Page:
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Welcome to the Backflow Blog!

January 29, 2011

DISCUSS BACKFLOWS WITH JAMES “POP” SALTER.

Backflow assembly testing is our life at Pop’s Testing. And if you’re on this site, chances are that’s all you need: someone reliable and affordable who can come out quickly and take care of this one pesky requirement of property ownership. Chances are you’ve gotten a notice from your water supplier and you just need someone to inspect your backflow assembly. You want someone who is professional, no-nonsense, and affordable. But ideally—and without too much shopping around—you’d also like someone friendly, honest, ethical, and available when it’s most convenient for you.

To be honest, you should call us (206) 551-5174 or email us right now to schedule a test OR just get on our reminder list. We can be there to test, repair or install your backflow assembly or backflow device just as soon as you need us. One less thing to worry about!

HOWEVER…

If for some reason you have more than a passing interest in backflow assemblies—
if you’re interested in how backflow assemblies work,
what they look like, how they’re designed—
maybe you should bookmark this page.

If you take pleasure, like we do,
in the diverse shapes and designs of backflow devices
found right in your own neighborhood—
Whether Seattle, Tacoma, Bellevue or Burien—
if you like to learn more about this fascinating
bit of engineering that helps us live our everyday lives,
but which most people have no idea about…

…then perhaps you should subscribe to this page and get all the latest posts in Pop’s Backflow Blog delivered automatically to your inbox.

Pop's Testing Field Crew

The Pop’s Testing field crew consists of (L-R) Solomon “Solo” Salter and James “Pop” Salter, shown here at Pop’s Testing World headquarters in Seattle.

3 Comments leave one →
  1. Jordan permalink
    May 26, 2012 12:44 pm

    Well all I have to say that this is overall a great company. the service is terrific, James and Solomon are extremely nice, they work fast, and last but not least there reliable they can get the job done so I can get going to the places I need to go. Anyway their a good company and I highly recommend Pops Backflow Testing.-Jordan

  2. Joseph Wilcox permalink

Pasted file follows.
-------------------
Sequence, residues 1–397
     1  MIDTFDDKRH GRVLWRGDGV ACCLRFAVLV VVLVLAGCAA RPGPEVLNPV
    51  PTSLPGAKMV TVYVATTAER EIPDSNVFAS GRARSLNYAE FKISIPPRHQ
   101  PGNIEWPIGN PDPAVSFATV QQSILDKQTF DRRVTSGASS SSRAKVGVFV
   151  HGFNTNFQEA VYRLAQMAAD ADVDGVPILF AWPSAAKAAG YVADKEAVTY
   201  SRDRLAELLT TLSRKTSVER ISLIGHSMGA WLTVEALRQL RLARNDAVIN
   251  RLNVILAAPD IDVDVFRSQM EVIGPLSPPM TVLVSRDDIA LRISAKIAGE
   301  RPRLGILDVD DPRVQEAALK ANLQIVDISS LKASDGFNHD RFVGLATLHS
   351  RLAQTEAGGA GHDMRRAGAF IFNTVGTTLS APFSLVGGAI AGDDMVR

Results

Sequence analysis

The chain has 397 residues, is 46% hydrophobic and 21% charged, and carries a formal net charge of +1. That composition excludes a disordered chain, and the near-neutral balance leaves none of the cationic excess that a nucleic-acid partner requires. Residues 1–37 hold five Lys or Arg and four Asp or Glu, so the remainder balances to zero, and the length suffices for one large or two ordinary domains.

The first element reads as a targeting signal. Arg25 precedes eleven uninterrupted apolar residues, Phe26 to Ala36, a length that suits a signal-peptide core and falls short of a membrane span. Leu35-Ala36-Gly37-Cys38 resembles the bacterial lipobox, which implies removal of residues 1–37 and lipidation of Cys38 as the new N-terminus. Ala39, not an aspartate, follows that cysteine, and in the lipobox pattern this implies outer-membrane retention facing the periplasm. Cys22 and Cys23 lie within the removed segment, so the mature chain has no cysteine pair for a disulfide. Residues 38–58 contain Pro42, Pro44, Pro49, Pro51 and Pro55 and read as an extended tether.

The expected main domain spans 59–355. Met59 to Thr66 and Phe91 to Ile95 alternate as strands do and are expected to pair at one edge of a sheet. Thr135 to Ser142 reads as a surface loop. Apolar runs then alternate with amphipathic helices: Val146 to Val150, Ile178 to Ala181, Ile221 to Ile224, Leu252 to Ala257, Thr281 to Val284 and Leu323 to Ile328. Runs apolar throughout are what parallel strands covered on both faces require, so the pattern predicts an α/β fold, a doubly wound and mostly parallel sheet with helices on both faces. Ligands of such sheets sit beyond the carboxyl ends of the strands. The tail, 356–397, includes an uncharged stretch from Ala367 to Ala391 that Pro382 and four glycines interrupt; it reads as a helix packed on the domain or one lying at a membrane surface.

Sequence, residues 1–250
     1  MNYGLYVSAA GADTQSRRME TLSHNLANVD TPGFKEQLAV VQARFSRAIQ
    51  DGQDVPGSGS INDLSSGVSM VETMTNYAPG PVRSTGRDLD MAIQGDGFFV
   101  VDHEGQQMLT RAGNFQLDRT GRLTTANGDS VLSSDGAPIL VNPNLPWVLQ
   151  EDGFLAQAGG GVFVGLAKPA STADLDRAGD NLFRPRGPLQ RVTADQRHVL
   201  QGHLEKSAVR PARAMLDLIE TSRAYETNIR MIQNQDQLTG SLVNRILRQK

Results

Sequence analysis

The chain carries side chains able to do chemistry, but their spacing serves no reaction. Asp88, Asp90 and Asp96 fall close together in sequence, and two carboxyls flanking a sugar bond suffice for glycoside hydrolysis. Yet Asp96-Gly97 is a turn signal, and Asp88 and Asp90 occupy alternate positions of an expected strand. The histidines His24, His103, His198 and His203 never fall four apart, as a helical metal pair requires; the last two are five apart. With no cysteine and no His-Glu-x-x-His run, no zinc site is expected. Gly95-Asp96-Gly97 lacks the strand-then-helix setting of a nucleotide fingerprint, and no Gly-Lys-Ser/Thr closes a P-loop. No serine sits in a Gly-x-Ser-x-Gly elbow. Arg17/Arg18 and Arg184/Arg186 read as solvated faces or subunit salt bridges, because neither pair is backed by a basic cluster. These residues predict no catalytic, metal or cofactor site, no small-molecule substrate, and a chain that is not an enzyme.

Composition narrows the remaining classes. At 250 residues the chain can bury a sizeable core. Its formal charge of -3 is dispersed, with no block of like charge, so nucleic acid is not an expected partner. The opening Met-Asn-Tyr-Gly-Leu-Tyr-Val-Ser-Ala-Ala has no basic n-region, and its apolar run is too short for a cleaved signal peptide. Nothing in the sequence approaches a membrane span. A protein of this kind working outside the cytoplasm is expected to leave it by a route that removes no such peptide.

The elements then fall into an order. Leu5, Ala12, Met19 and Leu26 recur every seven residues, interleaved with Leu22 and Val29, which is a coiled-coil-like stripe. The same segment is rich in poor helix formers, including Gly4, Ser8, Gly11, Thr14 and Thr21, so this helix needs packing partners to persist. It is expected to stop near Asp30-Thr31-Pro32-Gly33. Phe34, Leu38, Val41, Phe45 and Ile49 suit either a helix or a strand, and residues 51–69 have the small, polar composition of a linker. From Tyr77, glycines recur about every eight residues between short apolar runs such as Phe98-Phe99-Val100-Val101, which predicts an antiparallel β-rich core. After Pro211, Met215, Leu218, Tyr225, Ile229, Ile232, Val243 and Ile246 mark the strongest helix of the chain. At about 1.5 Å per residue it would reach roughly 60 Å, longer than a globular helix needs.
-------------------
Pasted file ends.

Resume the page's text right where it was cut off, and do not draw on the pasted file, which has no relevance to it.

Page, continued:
September 22, 2012 8:35 am

    Hello Seattle,Solo/Pop,I am a tester in Hartford,Ct area. I loved all your pics& insight.I have never repaired a Wilkins 2.5 model 975,do u have any tips?1st & 2nd test cocks plugged.I opened valve a lil water comes out.I thought of shutting off water to device taking both checks apart and cleaning.Will that work,or do i need to order new checks.

    • onewayflow permalink*
      September 23, 2012 8:52 am

      Hi Joe,

      Like we talked about on the phone plugged test cocks are common on assemblies with high demand/usage. I used to close both shut off valves and use a rod to clean them out. Then open shut off valve #1 and flush. This method is problematic when dealing with RPBA’s because the act of closing SOV #1 typically dislodges debris in SOV #1 that may end up causing the assembly to fail. I now use Midwest’s Test Clean test cock cleaning tool. I no longer frown when I discover plugged TC’s, and it seems like fewer of them are failing after the cleaning process.

      As for the 2.5” and larger 975, the large size 975 is discontinued. You will find photos of a high demand 975 in the photo gallery. At the time of that repair it was cost effective to clean it and replace the rubber and seat. The 975 has been a thorn in my side for me. I found if you change the disk as well as the seat you will have better luck getting it to pass the test after the repairs. The check assembly rides up and down inside the seat (metal on metal) wearing both the seat and check. If I find the check assembly damage I recommend replacing the BPA.

      Good Luck!

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